Under increasing media scrutiny of its working conditions and culture, Apple’s leadership is facing an assault on three fronts from disgruntled employees, worried investors, and a federal labour watchdog.
An open letter sent to the company’s CEO, Tim Cook, and senior leadership last week details a litany of grievances and demands from hundreds of Apple workers.
“Apple prides itself on its commitment to diversity, equity, and an environment where every person is able to do their best work; however, in practice, this is far from the case,” the letter reads. “Our experiences with the People team in dealing with harassment and discrimination have left many of us more vulnerable.”
The letter was published on the website #AppleToo, which was launched in late August by Apple workers with the aim of exposing “persistent patterns of racism, sexism, inequity, discrimination, intimidation, suppression, coercion, abuse, unfair punishment, and unchecked privilege” within the Silicon Valley company.
A statement on the group’s website reads: “For too long, Apple has evaded public scrutiny. The truth is that for many Apple workers – a reality faced disproportionately by our Black, Indigenous, and other colleagues from minoritised racial, gender, and historically marginalised groups of people – the culture of secrecy creates an opaque, intimidating fortress.
“When we press for accountability and redress to the persistent injustices we witness or experience in our workplace, we are faced with a pattern of isolation, degradation, and gaslighting.
“No more. We’ve exhausted all internal avenues. We’ve talked with our leadership. We’ve gone to the People team. We’ve escalated through Business Conduct. Nothing has changed.”
The group recently released five employee accounts of discrimination and sexual harassment at Apple, allegations they say were ignored by the company’s management.
The new letter to Apple’s leadership goes further than complaints of inappropriate conduct, however, by taking aim at the company’s purported policy of encouraging employees to link their personal iCloud accounts to work devices, described in the letter as “an unacceptable violation” of privacy.
“Workers who require devices should have a dedicated number and be allowed a personal device unlinked from Apple’s corporate ecosystem, including not publishing personal phone numbers in Apple Directory,” the letter argues, adding that “employees have been harassed on their personal phone numbers as a result of this policy”.
Apple has not excluded from these clauses their workers’ rights to speak openly about harassment, discrimination, and other unlawful acts. Given this, investors cannot be confident in their knowledge of Apple’s workplace culture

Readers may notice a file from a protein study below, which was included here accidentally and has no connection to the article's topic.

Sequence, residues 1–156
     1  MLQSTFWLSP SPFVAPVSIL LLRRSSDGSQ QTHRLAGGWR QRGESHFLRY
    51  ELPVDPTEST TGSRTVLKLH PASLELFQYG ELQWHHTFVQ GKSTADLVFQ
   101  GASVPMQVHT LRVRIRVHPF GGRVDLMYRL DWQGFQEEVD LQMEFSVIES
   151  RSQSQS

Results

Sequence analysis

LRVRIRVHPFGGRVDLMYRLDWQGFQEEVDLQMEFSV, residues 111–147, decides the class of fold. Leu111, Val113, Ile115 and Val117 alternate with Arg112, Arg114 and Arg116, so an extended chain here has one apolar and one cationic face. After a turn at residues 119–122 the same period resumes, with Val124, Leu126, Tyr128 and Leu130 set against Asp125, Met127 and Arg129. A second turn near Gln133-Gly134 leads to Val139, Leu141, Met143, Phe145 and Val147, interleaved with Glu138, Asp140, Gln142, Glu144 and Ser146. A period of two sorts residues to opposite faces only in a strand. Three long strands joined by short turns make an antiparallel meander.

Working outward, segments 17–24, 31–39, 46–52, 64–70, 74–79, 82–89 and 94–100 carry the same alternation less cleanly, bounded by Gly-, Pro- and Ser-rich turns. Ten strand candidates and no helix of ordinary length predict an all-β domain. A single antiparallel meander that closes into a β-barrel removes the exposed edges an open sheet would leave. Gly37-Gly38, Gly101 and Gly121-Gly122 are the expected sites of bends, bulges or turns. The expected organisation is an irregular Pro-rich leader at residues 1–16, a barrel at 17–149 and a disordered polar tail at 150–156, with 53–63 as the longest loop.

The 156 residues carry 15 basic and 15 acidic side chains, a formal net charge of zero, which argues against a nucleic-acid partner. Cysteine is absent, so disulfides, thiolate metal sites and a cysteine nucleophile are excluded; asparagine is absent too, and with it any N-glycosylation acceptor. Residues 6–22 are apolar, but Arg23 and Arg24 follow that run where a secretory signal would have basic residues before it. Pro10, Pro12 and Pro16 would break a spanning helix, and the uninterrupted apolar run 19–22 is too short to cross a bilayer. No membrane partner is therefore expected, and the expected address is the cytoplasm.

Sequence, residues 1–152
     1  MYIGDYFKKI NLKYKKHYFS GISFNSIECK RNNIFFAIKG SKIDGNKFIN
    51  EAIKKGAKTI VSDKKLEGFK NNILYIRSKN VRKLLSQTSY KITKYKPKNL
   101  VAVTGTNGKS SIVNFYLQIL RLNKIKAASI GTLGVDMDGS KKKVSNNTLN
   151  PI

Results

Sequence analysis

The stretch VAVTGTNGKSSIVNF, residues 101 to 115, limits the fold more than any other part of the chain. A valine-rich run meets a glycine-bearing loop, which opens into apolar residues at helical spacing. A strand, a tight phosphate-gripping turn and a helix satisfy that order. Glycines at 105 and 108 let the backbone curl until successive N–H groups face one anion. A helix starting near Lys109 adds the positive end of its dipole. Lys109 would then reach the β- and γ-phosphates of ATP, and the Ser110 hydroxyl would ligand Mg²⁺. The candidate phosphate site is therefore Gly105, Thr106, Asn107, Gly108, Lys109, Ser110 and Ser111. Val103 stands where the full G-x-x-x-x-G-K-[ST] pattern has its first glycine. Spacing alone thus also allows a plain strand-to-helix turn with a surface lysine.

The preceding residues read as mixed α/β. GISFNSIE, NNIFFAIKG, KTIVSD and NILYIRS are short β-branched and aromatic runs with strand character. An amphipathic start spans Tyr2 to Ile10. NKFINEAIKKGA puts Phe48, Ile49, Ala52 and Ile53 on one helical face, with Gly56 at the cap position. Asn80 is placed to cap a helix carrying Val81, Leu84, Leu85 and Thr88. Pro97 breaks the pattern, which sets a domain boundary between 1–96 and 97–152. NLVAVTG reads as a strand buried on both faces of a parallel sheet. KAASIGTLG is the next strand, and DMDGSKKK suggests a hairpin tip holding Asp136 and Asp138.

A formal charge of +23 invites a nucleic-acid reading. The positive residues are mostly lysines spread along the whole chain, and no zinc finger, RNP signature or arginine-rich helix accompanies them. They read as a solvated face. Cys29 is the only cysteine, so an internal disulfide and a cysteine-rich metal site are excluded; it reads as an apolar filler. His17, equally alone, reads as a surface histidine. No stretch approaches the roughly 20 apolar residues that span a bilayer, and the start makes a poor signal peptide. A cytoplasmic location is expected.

Apple’s employees have also called on the company to “provide transparent liveable, equitable, and fair compensation” to improve diversity and inclusion in the business.
This would include an audit of “all promotions and performance reviews for gender, racial, disability, and heteronormative biases that may lead to wage gaps and a lack of opportunity and compensation within the company in each part of it”.
A separate audit of Apple’s third-party relationships is also demanded to improve conditions for contract workers who “often feel like second-class citizens, and are afforded fewer worker protections than full-time, salaried workers,” the letter states.
To remedy the situation, the letter suggests “more in-depth supplier responsibility reports, especially for agencies in administrative and corporate roles”, and that Apple “ensure all contract providers are paying above the living wage calculated for their geographic location, and providing benefits such as healthcare, paid leave, and other wellness benefits designed to ensure the physical and mental wellbeing of all workers”.
It has also been reported that the National Labor Relations Board is investigating Apple following allegations of coercion and retaliation in the workplace after two employees spoke out about pay equity and harassment at the tech giant.
Ashley Gjøvik, a senior engineering program manager, identified as one of the complainants, claims she was put on indefinite paid administrative in early August after raising concerns about a sexist, hostile, and unsafe workplace at Apple. Her experiences of working at Apple are detailed on her website.
“We take all concerns seriously and we thoroughly investigate whenever a concern is raised,” an Apple spokesperson told Reuters, but refused to discuss specific cases due to employee privacy.
Apple is also the latest major corporate to face a shareholder resolution aimed at pressuring the company to improve workplace conditions, specifically, language within its non-disclosure agreements.
The resolution, filed by Nia Impact Capital, says that although Apple “wisely uses concealment clauses in employment agreements to protect corporate information, such as intellectual capital and trade secrets” the company “has not excluded from these clauses their workers’ rights to speak openly about harassment, discrimination, and other unlawful acts.
“Given this, investors cannot be confident in their knowledge of Apple’s workplace culture.”
Apple had previously refused to change its employment contracts language, arguing that a clause related to the reporting of harassment and discrimination is already included in the company’s employee handbook.